Fuelled by Hollywood portrayals of the ancient world, the mention of Egypt calls up rich and iconic images of another time and culture. Invite your students to dive into a deeper understanding of the history of this region with ancient Egyptian arts and crafts for children. Create miniature models of pyramids, mummies and sphinxes. Dress like an Egyptian or create ancient hieroglyphic tablets. Let your Egyptian arts and crafts carry their imaginations away to another time and place far different than the ones they know today.
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Sugar cubes can serve as the building blocks for a simple pyramid. Lay a six-by-six base gluing the edges of the cubes together. Center a five-by-five layer on top of that. Reduce each layer by one column and row and top with a single cube. If you wish, spray paint the structure with stone-texture paint to give it an ancient appearance.Alternatively, cut out four 9-inch by 8-inch heavy cardboard triangles. Tape them together in a pyramid shape and sponge paint the outer edge in natural stone colours. Discuss how the pharaohs would have their most important possessions placed in the tomb with them. Have students bring in pictures of the important things in their lives and glue these to the inside of the pyramid.
A pyramid needs a mummy. Wrap a fashion doll or a tin foil stick figure in several layers of glue-soaked gauze to resemble a miniature mummy. Cover a long thin plastic box and lid with papier-mache or clay in the form of a mummy case. After it dries, spray paint it gold and add details with black permanent marker or paint. Place the mummy in the case to complete the ensemble.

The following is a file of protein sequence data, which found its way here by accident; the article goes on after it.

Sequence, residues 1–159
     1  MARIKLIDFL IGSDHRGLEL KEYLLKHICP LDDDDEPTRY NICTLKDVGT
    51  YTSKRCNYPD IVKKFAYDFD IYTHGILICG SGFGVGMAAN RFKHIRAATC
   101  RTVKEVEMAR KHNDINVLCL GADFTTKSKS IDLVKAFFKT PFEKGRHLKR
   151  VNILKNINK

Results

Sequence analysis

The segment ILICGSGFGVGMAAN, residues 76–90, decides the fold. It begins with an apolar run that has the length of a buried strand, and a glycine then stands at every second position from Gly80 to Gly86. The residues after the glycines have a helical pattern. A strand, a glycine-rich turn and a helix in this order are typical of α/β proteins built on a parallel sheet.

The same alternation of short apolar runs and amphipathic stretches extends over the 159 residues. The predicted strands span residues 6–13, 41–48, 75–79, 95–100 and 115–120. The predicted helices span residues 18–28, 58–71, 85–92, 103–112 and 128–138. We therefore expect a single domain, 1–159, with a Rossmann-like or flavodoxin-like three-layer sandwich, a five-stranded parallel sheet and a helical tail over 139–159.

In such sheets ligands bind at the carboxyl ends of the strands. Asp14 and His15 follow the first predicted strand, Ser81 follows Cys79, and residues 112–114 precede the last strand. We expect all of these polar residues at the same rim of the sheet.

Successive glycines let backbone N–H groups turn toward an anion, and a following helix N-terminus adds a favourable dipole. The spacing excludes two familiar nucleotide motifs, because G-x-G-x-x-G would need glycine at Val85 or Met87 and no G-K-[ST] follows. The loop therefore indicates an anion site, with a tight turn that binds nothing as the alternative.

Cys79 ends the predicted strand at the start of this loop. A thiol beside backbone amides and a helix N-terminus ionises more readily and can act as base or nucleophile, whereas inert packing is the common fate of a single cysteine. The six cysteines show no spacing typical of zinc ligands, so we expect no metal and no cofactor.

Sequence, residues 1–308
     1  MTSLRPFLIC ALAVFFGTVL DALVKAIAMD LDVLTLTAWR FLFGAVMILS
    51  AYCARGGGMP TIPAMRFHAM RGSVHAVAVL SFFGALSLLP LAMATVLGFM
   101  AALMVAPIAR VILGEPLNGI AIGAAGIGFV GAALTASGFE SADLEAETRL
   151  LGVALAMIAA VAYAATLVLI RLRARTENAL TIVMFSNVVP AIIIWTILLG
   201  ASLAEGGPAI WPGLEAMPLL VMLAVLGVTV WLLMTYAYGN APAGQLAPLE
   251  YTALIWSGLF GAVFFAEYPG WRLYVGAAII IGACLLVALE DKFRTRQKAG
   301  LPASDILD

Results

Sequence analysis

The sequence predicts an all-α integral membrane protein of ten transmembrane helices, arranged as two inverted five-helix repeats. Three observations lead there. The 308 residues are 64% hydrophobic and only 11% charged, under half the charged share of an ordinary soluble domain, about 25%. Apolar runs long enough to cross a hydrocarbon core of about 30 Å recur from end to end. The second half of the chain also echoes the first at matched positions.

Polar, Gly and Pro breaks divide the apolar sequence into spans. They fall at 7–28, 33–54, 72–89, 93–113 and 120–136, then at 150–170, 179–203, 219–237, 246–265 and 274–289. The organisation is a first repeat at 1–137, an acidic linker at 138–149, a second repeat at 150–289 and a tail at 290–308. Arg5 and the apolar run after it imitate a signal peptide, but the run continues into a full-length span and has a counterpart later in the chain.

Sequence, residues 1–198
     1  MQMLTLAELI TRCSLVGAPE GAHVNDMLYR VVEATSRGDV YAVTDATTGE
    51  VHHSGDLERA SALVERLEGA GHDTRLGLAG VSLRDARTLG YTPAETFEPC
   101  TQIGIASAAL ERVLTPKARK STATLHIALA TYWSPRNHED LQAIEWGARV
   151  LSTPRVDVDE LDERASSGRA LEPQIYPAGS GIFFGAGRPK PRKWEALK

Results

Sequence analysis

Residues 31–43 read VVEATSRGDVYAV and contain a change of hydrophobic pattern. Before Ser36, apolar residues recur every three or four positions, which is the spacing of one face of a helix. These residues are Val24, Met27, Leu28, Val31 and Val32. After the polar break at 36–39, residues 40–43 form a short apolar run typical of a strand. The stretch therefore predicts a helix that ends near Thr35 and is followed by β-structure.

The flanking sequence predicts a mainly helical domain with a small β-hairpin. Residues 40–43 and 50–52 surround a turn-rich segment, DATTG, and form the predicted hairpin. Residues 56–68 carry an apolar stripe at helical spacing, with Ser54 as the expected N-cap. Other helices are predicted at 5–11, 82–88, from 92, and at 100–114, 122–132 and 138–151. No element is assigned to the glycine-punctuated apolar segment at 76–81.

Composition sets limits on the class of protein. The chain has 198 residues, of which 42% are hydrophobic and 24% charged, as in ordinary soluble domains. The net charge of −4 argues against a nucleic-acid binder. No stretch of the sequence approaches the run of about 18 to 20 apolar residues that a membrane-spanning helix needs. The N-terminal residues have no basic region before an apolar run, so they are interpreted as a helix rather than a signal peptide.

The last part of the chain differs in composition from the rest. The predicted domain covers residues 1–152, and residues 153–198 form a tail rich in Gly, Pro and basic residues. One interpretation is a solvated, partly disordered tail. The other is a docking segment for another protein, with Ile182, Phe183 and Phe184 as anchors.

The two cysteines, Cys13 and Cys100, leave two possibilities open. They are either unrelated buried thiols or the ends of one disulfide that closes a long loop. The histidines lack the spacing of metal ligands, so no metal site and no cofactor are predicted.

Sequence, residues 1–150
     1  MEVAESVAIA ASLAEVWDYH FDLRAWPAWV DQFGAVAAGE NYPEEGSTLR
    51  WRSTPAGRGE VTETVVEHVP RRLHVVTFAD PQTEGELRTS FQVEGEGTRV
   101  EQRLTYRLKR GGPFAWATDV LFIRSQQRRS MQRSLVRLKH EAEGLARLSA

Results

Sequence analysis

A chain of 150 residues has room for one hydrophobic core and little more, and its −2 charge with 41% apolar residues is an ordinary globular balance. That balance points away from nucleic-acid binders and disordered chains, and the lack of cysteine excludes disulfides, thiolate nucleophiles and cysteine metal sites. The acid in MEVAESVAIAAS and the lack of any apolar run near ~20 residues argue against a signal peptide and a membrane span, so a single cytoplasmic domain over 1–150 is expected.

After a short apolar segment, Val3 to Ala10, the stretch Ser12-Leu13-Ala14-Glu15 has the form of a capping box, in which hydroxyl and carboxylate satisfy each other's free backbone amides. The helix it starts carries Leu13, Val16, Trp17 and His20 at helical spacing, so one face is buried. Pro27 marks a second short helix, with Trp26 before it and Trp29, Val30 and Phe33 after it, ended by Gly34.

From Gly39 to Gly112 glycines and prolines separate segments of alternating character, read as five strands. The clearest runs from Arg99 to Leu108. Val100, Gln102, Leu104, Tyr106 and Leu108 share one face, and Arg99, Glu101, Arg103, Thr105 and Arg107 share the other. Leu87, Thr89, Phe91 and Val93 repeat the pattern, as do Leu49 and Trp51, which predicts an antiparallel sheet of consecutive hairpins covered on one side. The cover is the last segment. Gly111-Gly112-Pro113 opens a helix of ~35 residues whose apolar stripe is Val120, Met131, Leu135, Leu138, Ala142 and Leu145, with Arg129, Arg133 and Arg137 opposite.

During mummification, ancient Egyptians preserved the liver, intestines, lungs and stomach in special containers called canopic jars. Featuring jackal, baboon, falcon and human heads, each jar was engraved with the protective symbols of its protective spirit. Activity Village suggests making replicas using round paper ice cream containers. Cover the base with construction paper or mould paper mache around it to form a canopic shape and paint. Sculpt the head from clay, spray paint and attach to the lid. Paint on details and finishing touches.
Among the most visible of ancient Egyptian art forms are giant monoliths such as the Sphinx or monuments to the Pharaohs. Sculpt a miniature version out of self-hardening or oven-drying clay and paint it in desert colours.
The ancient pictographic writing of the Egyptians fascinates many children. Cut tablets out of cardboard or shape them out of plaster of Paris or modelling clay. Paint with a stone texture and let the children try their hand at writing their name and other messages on the tablets in hieroglyphs.
Dress Like an Egyptian
Let the children pretend to be Cleopatra or King Tut with homemade Egyptian costumes. Cut a hole for the head in a white sheet to wrap around her for a robe and secure with a shiny tie belt. Finish off the look with beaded or paper headbands, collars and bracelets decorated with metallic 3-D puffy paints. Play Pharaoh for the day with a papier-mache mask attached to a cardboard headdress. Paint the mask in gold and decorate the headdress with markers.
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